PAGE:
A small (29-33 mm) brown Kassina from the West African savanna. Dorsum with scattered, sometimes indistinct small darker spots with a larger, irregular, X-shaped spot in the shoulder region. Small discs on fingers.
It is an inconspicuous terrestrial species, walking rather than jumping. It appears to be the only member of the genus with brown rather than grey/black colours. It also differs from other members of the family in having a tarsal tubercle.
Voice. - At the type locality males were heard calling from drier, higher ground near large flooded meadows. The voice is a typical Kassina call but distinctly more atonal that that of K. senegalensis and K. cassinoides. Accordingly the sonogram shows a more indistinct frequency-intensity maximum than that of the other two sympatric species.
Distribution and Habitat
Country distribution from AmphibiaWeb's database: Benin, Cote d'Ivoire, Gambia, Ghana, Niger, Nigeria, Senegal
Only known from very few localities, probably due to its inconspicuous behaviour. The type locality is a large, partly flooded meadow in open savanna in northern Ghana. Known from eastern Côte d'Ivoire to northern Nigeria and south-western Niger (Drewes), but may well be distributed further west and east.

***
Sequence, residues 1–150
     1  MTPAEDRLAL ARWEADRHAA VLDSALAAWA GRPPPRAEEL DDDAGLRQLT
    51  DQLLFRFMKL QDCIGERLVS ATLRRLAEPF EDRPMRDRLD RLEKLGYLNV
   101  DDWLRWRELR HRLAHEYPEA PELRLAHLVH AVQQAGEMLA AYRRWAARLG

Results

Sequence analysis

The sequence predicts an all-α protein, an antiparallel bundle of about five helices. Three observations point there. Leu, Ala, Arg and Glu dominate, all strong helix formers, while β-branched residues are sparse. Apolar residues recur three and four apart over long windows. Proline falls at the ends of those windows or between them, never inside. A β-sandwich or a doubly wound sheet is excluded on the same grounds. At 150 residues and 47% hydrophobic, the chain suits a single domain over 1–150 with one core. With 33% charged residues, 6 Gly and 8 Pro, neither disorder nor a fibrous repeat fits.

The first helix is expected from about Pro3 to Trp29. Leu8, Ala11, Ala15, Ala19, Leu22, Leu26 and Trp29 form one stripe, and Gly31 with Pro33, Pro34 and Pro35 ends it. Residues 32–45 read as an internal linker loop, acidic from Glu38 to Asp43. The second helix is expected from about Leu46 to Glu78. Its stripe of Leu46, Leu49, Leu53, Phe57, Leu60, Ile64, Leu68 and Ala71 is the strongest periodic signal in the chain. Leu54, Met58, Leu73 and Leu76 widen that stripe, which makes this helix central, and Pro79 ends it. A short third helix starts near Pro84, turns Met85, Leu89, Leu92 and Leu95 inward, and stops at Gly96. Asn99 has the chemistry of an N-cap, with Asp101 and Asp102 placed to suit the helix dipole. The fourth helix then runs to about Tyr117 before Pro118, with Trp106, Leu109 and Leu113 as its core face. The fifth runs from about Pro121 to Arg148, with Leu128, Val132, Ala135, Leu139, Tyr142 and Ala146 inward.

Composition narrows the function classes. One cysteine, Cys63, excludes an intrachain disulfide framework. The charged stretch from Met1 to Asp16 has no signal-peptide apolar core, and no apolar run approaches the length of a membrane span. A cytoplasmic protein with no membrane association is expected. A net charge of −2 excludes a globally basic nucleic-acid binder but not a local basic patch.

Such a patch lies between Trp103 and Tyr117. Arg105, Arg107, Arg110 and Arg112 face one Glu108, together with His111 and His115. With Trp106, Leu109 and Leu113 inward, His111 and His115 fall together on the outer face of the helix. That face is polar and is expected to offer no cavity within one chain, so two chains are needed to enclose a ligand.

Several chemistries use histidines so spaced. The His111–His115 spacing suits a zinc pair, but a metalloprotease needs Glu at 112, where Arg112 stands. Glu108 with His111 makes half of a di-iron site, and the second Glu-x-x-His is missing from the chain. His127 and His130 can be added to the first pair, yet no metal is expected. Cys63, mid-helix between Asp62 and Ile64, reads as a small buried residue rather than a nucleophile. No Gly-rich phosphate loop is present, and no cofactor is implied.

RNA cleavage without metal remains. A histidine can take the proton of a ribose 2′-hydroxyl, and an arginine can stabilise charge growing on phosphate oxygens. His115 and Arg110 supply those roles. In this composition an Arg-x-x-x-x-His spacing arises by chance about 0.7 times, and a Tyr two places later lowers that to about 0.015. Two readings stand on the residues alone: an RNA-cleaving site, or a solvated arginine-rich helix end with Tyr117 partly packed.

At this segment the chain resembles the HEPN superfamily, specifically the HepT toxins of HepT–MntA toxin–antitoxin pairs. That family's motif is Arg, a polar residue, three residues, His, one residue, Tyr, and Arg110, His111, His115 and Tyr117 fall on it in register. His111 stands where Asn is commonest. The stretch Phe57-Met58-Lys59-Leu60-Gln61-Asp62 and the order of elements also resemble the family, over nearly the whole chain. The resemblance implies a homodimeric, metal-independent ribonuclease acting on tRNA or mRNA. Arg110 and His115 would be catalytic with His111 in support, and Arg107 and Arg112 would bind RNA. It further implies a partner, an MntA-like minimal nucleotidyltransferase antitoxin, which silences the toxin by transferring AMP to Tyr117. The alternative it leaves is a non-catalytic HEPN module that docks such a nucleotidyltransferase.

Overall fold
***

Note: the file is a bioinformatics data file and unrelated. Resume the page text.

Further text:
Life History, Abundance, Activity, and Special Behaviors
Development. - 500-600 eggs with a black and a white pole are attached to stones or plants in the water. The tadpoles are similar to those of K. senegalensis, but smaller and with a lower tail fin. Tooth formula 1/1+1,1 or 1/2+2.
This account was taken from "Treefrogs of Africa" by Arne Schiøtz with kind permission from Edition Chimaira publishers, Frankfurt am Main.
Schiøtz, A. (1999). Treefrogs of Africa. Edition Chimaira, Frankfurt am Main.
Written by Arne Schiøtz (arne AT schiotz.dk), *
First submitted 2001-01-30
Edited by Kellie Whittaker (2008-09-10)
Species Account Citation: AmphibiaWeb 2008 Kassina fusca <http://amphibiaweb.org/species/3687> University of California, Berkeley, CA, USA. Accessed Jul 5, 2020.
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Citation: AmphibiaWeb. 2020. <http://amphibiaweb.org> University of California, Berkeley, CA, USA. Accessed 5 Jul 2020.
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